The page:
Newshub understands nurses and midwives will overwhelmingly decide to strike over the weekend, despite District Health Boards (DHBs) being told to increase their pay offer.
An independent panel was brought in to end the stalemate between nurses and their employers, but it doesn't seem like it will go far enough.
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Nurses have been doing it tough - frustrated by staffing shortages and low pay, morale is in the pits.
They've fought, they've protested, and sources have told Newshub they've now voted overwhelmingly to strike, probably on July 5 and 12.
A breakdown in negotiations between nurses and DHBs forced the Government to send in mediation.
An independent panel has now recommended a $2000 lump sum to be paid to all nurses, followed by a 3 percent pay rise on June 1. This would rise another 3 percent two months later, and again in August 2019.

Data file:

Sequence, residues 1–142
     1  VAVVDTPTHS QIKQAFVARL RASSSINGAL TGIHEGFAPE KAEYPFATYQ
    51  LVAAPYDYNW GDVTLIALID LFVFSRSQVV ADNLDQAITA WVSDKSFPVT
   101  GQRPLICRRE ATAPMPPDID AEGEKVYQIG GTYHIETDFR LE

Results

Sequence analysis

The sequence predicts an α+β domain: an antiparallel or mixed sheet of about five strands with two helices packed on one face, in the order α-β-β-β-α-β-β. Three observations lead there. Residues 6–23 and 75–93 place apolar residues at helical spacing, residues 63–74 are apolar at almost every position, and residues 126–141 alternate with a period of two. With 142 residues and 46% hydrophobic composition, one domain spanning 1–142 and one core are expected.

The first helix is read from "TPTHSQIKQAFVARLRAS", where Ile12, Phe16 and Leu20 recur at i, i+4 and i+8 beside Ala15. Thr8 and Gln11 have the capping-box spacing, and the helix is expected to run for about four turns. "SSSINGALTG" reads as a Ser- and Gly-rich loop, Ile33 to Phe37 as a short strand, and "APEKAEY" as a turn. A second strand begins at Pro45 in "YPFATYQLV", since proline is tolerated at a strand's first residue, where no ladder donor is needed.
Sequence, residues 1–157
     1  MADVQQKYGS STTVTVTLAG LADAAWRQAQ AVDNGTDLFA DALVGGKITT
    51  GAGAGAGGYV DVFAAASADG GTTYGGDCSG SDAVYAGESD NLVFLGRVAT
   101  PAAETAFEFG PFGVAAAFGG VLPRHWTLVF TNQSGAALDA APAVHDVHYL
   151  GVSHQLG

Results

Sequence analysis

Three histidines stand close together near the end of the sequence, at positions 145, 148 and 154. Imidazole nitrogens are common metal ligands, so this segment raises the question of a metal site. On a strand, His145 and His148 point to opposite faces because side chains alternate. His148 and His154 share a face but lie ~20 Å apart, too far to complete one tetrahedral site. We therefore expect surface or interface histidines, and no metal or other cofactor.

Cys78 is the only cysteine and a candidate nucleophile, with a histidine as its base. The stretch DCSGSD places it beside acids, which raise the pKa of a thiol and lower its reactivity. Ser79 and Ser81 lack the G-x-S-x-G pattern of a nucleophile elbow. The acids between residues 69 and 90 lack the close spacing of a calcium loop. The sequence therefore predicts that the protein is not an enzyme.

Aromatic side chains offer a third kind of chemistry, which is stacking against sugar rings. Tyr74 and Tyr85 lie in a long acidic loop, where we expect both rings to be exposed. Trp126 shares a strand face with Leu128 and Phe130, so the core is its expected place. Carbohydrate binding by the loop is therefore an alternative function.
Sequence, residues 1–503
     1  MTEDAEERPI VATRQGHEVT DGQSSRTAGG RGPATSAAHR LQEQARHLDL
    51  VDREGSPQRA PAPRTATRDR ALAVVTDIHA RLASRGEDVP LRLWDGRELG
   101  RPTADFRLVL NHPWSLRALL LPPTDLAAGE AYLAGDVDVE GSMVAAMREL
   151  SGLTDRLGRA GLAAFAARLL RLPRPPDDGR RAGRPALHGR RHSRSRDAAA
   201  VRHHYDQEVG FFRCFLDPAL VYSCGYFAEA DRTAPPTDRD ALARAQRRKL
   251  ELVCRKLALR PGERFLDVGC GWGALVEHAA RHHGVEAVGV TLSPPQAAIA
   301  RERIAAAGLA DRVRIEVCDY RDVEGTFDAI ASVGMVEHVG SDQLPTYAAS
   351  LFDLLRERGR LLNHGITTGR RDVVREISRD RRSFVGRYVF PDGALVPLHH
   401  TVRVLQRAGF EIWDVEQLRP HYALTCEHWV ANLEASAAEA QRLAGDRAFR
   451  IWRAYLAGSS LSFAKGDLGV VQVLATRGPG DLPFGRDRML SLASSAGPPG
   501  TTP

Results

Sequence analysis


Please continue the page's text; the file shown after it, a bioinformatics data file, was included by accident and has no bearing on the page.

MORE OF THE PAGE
Cee Payne from the NZ Nurses Organisation says it's "unlikely" nurses will be happy with the settlement as it stands.
Prime Minister Jacinda Ardern says she "absolutely hopes" there can be resolution - though the pay rises won't be cheap for the Government.
For example, a nurse with five years' experience earns $66,755. That would go up to $72,944 by August next year.
Add in the lump sum for all 27,000 nurses in negotiations, and our estimates have it costing over $200 million.
Minister of Finance Grant Robertson says the Government will look into the fiscal consequences of the panel's recommendations.
The panel also wants to see more pay scales for nurses, a greater number of nurses and more money for DHBs to expand their workforces - another $38 million.
DHBs decide on Monday whether to adopt the recommendations, then the offer goes back to nurses.
One nurse told Newshub she was in tears after seeing the recommendations because they don't go far enough.
She's now planning to arrange her Australian registration, and is considering a new career - but not before another 12-hour shift on Friday feeling overworked and underpaid